Aristotle famously held that objects are comprised of matter and form. That is the central doctrine of hylomorphism (sometimes rendered “hylemorphism”—hyle, matter; morphe, form), and the view has become a live topic of inquiry today. Contemporary proponents of the doctrine include Jeffrey Brower, Kit Fine, David Hershenov, Mark Johnston, Kathrin Koslicki, Anna Marmodoro, Michael Rea, and Patrick Toner, among others. In the wake of these contemporary hylomorphic theories the doctrine has seen application to various topics within mainstream analytic metaphysics. Here, (...) appeals to form and matter are used to shed light on problems about ontology, personal identity, philosophy of mind, and philosophy of religion. The current entry documents this resurgence of interest in hylomorphism, the ways it has been applied, and its reception. (shrink)
Nihilists cannot square their position with common sense simply by paraphrasing away apparent ontological commitments in ordinary language. I argue for this claim by analogy. Paraphrase atheism says there is no God, but tries to square the truth of atheism with ordinary religious sentences by paraphrasing away apparent ontological commitments. Obviously, paraphrase does not reconcile atheism with ordinary language about God. I discuss two different reasons that paraphrase can fail and suggest that both reasons afflict paraphrase nihilism. Hence, paraphrase nihilism (...) cannot reconcile nihilism and common sense, and so nihilists must look for some other strategy that can evade the force of the Atheism Case. (shrink)
When does a developing human being acquire moral status? I outline three different positions based on substance ontology that attempt to solve the question by locating some morally salient event in the process of human development question. In the second section, I consider some specific empirical objections to one of these positions, refute them, and then show how similar objections and responses would generalize to the other substance-based positions on the question. The crucial finding is that all the attempts to (...) answer the question that involve substance ontology need to appeal to dispositions. (shrink)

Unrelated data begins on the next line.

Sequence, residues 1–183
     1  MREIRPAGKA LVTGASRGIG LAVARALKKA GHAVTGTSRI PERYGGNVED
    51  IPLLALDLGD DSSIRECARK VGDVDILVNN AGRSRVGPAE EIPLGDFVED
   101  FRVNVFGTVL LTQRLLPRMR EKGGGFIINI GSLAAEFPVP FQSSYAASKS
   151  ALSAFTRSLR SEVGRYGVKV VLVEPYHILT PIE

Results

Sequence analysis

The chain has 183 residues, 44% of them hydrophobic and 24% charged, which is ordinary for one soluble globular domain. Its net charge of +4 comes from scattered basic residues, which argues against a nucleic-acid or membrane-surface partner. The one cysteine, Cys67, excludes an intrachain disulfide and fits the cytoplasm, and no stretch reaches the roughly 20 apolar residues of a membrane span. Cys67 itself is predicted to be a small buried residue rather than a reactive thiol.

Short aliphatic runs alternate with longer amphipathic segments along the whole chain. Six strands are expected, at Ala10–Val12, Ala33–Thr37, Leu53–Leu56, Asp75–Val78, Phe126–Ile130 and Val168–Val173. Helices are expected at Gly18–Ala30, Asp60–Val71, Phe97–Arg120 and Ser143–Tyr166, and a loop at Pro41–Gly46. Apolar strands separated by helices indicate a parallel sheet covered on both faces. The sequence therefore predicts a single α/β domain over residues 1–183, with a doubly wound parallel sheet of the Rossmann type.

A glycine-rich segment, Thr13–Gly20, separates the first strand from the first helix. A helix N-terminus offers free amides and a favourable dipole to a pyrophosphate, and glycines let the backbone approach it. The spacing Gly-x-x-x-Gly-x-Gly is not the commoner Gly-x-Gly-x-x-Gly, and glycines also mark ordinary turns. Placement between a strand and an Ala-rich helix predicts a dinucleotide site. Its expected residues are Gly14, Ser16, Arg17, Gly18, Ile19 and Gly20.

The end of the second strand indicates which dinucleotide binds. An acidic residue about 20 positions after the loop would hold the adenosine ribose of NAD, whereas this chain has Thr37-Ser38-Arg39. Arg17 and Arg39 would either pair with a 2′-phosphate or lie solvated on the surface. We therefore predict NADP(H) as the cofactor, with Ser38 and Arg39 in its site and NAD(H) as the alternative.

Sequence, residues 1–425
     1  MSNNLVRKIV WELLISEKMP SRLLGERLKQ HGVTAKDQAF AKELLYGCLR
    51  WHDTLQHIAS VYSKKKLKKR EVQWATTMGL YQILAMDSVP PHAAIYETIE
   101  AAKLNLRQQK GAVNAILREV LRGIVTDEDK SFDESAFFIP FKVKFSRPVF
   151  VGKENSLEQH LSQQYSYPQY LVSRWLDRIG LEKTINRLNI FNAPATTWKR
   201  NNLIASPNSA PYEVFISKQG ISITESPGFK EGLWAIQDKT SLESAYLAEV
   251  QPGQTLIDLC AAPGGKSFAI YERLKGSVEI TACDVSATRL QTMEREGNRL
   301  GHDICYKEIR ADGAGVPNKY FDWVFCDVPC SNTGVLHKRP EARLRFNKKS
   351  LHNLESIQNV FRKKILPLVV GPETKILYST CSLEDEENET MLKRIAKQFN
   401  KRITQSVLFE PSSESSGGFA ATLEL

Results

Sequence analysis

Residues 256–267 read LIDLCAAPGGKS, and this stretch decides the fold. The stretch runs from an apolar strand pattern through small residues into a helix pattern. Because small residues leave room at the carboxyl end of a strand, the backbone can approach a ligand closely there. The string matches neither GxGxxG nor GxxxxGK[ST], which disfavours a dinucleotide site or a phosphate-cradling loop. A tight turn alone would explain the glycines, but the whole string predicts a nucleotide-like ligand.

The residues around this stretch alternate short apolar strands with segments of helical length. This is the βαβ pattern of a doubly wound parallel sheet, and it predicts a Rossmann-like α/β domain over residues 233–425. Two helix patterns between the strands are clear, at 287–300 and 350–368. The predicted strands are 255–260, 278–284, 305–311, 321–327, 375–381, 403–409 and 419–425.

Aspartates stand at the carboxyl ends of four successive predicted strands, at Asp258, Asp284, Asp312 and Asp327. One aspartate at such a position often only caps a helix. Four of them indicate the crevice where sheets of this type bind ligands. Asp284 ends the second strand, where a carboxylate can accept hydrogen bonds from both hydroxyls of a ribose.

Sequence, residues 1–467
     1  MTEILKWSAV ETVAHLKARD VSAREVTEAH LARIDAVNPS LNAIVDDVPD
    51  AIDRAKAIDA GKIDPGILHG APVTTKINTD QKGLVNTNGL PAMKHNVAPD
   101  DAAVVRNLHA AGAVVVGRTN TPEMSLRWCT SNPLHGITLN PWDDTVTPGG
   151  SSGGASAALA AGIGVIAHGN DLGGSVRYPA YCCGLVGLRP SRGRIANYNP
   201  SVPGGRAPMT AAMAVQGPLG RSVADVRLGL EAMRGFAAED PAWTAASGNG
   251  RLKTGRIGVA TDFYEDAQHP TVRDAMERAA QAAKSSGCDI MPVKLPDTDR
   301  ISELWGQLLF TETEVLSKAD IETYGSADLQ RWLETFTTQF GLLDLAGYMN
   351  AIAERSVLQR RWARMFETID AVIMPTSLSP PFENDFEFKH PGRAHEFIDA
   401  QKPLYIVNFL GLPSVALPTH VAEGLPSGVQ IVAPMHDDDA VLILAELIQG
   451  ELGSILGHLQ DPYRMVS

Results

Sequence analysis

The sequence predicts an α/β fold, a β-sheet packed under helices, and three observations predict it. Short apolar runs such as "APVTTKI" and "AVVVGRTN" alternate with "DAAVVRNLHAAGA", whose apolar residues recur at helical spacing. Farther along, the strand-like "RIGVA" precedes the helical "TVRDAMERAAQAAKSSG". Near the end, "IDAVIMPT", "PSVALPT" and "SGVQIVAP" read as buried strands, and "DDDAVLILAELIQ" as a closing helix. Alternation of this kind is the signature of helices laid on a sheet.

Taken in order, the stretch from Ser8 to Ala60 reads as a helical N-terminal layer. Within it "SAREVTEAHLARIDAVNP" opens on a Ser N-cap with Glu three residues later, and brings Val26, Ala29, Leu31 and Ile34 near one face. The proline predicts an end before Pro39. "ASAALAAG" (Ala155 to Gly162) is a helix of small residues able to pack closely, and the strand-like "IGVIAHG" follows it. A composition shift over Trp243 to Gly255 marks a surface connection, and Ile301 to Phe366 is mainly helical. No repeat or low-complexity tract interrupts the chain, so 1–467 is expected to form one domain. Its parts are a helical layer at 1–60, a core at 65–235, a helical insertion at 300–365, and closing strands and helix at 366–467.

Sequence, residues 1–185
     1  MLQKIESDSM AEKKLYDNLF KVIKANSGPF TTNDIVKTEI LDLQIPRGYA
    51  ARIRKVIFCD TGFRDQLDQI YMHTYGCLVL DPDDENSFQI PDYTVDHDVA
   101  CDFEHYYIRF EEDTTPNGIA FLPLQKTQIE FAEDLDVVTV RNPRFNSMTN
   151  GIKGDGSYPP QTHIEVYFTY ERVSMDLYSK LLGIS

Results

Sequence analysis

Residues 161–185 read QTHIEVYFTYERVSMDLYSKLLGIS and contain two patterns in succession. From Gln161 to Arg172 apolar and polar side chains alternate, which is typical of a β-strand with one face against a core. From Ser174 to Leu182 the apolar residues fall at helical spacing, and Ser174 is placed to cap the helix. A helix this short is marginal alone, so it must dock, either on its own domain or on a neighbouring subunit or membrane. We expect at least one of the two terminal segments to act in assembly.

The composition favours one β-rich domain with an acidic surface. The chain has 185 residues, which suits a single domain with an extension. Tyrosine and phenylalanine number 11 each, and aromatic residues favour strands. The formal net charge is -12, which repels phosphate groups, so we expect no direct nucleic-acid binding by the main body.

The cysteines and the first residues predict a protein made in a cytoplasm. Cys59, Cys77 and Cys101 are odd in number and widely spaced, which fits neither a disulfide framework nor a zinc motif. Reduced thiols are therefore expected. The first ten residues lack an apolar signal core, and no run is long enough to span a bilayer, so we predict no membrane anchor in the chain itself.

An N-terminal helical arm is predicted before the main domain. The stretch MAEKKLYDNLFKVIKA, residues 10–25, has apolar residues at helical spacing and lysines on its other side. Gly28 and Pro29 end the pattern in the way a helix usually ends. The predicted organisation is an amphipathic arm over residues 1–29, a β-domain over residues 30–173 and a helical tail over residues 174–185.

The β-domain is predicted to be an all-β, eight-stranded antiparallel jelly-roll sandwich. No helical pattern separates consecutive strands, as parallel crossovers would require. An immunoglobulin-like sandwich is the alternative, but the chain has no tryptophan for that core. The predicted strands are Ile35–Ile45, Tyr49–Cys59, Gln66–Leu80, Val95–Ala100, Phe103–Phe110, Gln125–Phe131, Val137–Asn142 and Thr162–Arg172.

A trope is an abstract particular. Trope theorists maintain that tropes exist and argue that they can solve important philosophical problems, such as explaining the nature of properties. While many contemporary interpreters of Aristotle read him as a trope theorist, few commentators distinguish different versions of trope theory. Which, of any, of these versions did Aristotle hold? Classical trope theorists say that individuals just are bundles of tropes. This essay offers a reading of Categories 2-5 and Metaphysics VII-VIII that aligns (...) Aristotle's view with nonclassical trope theory, according to which objects are more than just bundles of tropes. (shrink)
Some time ago I wrote a paper about conceivability and knowledge. An anonymous referee rejected it on the grounds that the result had already been established in a short story by Jorge Luis Borges. Intrigued, I looked for the story but found no mention of it in Louis and Ziche’s extensive bibliography. I spent months consulting archives and electronic records to no avail. I had begun to doubt whether the story even existed when I had the curious good luck to (...) encounter Sir Thomas Browne of Pembroke College, Oxford, who assured me of the piece’s authenticity and introduced me to Brother Christian Rosenkreuz of Invisible College who in turn generously put me into correspondence with Borges himself. The literary defects in what follows reflect not a diminution of Borges’s undoubted power as a storyteller, but merely my limited ability as an amateur translator. Whatever the translation’s literary faults may be, I hope the story’s philosophical interest—i.e., an argument that ideal conceivers have higher-order knowledge of necessary truths—remains. [Trans.]. (shrink)
Very brief notices of Sarah Broadie's *Aristotle and Beyond*, Bryan Van Norden's translation of selected texts from Mengzi, and a collection of papers by G. E. M. Anscombe entitled *Faith in a Hard Ground*.